Old Newgate Road is a complex and introspective account of one family's plight of abuse and heartbreak that plagues each member for decades ... Highly emotional, this novel offers much food for thought.
... [a] dark rumination on domestic violence ... Such subplots seem designed to crank up the dramatic tension by underscoring the extent to which Cole’s present and his future depend on his ability to find peace with his past. But the most affecting scenes may be the quieter moments in which Cole discovers intimacies—sharing a meal, helping with a shower—with his decaying monster of a father.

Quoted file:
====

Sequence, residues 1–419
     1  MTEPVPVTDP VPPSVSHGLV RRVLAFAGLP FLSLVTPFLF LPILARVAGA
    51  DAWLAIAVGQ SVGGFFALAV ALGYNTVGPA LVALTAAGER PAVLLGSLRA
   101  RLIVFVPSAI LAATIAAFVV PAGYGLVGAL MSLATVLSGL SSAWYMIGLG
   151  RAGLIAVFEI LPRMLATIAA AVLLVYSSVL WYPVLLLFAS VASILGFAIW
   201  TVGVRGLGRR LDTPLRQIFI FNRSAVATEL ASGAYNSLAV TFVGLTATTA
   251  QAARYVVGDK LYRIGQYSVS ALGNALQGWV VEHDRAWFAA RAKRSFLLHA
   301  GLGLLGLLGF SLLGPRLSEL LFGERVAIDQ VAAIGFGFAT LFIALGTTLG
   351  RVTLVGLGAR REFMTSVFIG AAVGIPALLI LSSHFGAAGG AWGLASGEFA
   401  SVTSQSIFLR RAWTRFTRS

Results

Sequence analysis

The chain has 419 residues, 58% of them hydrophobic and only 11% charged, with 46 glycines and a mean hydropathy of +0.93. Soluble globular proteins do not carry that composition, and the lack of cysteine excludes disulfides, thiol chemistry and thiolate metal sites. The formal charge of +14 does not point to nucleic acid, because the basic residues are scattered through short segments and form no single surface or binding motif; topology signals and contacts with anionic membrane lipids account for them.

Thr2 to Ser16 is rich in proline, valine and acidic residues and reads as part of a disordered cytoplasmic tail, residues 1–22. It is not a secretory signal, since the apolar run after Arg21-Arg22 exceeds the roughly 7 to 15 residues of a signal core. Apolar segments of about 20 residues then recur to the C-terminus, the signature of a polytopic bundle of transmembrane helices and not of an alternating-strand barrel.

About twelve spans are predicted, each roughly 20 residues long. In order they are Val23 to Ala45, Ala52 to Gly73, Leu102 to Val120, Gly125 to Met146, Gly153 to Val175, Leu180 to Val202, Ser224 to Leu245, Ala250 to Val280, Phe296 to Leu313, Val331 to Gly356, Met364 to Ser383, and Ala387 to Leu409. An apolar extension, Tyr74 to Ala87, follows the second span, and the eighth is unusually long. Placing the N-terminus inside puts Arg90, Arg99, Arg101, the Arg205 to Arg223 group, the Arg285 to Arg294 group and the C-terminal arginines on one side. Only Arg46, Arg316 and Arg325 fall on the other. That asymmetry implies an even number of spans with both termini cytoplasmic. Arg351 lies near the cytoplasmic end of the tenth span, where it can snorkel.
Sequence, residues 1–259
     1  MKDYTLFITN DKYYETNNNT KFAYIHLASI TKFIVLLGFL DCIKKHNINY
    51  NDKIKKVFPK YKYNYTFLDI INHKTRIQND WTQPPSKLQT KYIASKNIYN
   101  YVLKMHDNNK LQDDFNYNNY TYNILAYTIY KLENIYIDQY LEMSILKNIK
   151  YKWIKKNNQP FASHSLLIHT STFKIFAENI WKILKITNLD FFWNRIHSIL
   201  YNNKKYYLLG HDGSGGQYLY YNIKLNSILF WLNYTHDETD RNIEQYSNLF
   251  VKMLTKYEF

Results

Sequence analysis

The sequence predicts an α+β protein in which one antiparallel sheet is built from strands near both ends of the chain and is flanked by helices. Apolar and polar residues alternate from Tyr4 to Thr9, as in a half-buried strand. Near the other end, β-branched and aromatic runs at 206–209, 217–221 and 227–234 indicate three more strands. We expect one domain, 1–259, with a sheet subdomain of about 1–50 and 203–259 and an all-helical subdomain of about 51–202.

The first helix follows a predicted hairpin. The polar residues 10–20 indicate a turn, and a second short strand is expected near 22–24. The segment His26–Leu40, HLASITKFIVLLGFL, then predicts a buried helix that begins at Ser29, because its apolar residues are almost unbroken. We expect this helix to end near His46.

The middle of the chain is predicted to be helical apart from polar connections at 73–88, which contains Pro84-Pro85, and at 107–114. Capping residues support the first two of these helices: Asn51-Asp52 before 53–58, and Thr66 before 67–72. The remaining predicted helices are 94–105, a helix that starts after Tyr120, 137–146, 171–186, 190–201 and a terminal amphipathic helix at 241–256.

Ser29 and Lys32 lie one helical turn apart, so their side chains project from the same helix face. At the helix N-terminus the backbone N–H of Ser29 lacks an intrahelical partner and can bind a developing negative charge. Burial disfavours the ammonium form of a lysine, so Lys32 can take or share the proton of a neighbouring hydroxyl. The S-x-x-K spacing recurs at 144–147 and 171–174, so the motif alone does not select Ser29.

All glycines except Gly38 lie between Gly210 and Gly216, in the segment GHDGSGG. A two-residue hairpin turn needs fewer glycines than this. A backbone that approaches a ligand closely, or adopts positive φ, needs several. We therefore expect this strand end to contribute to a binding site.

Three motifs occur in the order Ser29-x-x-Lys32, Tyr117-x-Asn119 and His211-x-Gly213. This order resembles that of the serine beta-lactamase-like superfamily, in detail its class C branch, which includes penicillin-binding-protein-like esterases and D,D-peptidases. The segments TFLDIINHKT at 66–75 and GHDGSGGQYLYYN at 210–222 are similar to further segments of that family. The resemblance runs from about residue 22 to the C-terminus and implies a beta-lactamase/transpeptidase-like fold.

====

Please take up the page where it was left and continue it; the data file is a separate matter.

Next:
[There is] a lot of domestic drama to carry (not to mention Cole’s run-ins with a former bully), but Scribner mostly handles it with grace and a fine eye for detail around his Connecticut setting; he writes beautifully about the hills and tobacco fields that define the area ... Scribner’s prose can be overgrown, and some plotlines feel untenable ... But Scribner wisely avoids clichéd father-son teaching moments, instead drilling deeper into ever darker material, arguing that the stories abused children tell themselves about violence are often cover for even worse degradations. The novel ends on a redemptive note, but not before running its leads through an emotional gauntlet. A bracing, knotty exploration of abuse and its impact across decades.